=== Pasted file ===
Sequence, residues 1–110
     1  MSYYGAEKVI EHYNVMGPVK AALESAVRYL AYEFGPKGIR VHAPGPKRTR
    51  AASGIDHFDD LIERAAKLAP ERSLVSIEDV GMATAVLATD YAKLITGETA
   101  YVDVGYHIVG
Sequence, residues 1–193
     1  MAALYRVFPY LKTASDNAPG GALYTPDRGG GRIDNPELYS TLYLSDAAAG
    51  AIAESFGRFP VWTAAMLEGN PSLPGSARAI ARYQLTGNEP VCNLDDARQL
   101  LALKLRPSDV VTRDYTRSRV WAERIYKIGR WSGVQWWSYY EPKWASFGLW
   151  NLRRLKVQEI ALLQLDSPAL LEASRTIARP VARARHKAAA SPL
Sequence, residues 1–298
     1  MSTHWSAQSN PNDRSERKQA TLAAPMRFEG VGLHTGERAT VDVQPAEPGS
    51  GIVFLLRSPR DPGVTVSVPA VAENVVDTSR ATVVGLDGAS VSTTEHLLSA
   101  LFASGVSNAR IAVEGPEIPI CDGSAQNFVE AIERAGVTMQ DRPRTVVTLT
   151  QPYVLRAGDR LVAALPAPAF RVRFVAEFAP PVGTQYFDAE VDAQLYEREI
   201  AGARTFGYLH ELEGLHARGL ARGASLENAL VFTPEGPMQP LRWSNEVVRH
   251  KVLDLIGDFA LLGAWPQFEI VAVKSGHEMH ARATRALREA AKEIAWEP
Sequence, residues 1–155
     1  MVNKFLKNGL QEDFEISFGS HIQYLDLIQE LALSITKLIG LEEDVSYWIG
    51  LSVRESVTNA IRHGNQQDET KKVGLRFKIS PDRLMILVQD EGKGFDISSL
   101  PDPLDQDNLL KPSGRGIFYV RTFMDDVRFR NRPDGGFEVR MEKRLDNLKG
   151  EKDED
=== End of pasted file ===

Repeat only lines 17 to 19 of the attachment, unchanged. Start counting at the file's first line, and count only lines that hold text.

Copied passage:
Sequence, residues 1–155
     1  MVNKFLKNGL QEDFEISFGS HIQYLDLIQE LALSITKLIG LEEDVSYWIG
    51  LSVRESVTNA IRHGNQQDET KKVGLRFKIS PDRLMILVQD EGKGFDISSL